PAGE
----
Ted’s essays

12-volt lighting

Last month in Studio wired I showed you my breakthrough getting my studio 12-volt emergency lighting operating. I accomplished a couple of refinements recently.

Besides the obvious advantages of having lights regardless of power grid failures, my 12-volt LEDs provide lighting options in addition to, instead of, or in combination with the various 110-volt lights I have installed.

Prior to connecting up my antique meters, I was running on a gut-feeling that I had to be real conservative in my use of the 12-volt to avoid excessive depletion of the batteries, thus shortening their lives. The meters tell me I was wrong by A LOT.

While modern digital meters consume almost no energy, my antique analog meters have a difficult to explain COOL FACTOR. How do I describe why I prefer tick-tick time pieces over digital, slide rules over calculators, axes and machetes over chainsaws?

It is like James Bond compared to Elton John; style, grace, capability vs flamboyance and flash. The meters just quietly display their information without drawing any attention to the work they do.

Now that I see my 12-volt energy consumption as negligible, my storage at a steady 12.5 volt and above, I am inspired to connect more up to the system. I tapped into the USB outlets of my RIGrunner sub panel to power my globe’s internal light and new illumination for my keyboard.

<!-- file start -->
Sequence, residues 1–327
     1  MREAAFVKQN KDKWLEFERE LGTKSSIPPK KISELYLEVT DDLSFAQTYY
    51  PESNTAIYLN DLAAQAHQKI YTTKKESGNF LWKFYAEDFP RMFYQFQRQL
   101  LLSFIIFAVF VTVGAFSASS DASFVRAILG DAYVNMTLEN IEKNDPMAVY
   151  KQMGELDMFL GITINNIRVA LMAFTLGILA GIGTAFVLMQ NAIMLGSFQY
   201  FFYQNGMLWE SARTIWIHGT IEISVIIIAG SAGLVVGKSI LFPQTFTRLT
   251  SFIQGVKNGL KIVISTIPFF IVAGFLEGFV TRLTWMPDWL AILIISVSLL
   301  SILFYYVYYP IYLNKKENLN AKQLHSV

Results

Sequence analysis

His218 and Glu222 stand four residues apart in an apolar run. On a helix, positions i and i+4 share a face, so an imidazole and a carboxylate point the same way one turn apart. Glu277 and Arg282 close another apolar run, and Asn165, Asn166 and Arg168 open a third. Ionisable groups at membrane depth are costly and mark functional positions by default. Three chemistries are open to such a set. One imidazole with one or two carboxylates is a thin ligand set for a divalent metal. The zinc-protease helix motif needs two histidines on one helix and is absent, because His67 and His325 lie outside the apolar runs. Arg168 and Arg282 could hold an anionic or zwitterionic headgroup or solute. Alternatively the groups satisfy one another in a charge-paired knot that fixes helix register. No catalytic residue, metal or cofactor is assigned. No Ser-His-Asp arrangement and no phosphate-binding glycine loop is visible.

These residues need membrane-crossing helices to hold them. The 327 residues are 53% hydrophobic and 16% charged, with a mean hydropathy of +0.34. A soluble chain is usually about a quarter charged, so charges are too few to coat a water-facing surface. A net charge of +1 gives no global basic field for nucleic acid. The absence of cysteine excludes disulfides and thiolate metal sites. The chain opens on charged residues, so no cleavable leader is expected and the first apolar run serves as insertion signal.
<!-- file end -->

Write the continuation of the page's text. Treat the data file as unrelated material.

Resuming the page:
I have been “a touch typist” most of my life, but still need some visual reference, an occasional glance and, therefore, some illumination of my keyboard.

This dimmable LED-powered desk lamp met my most optimistic hopes in form and function. I expected to engineer a way to position it for keyboard illumination, but amazingly, the clamp on this $16 light holds steady on a vertical board with the stalk holding the light up at full horizontal extension.

No way did I figure they would build it this sturdily.
Oh heck yeah.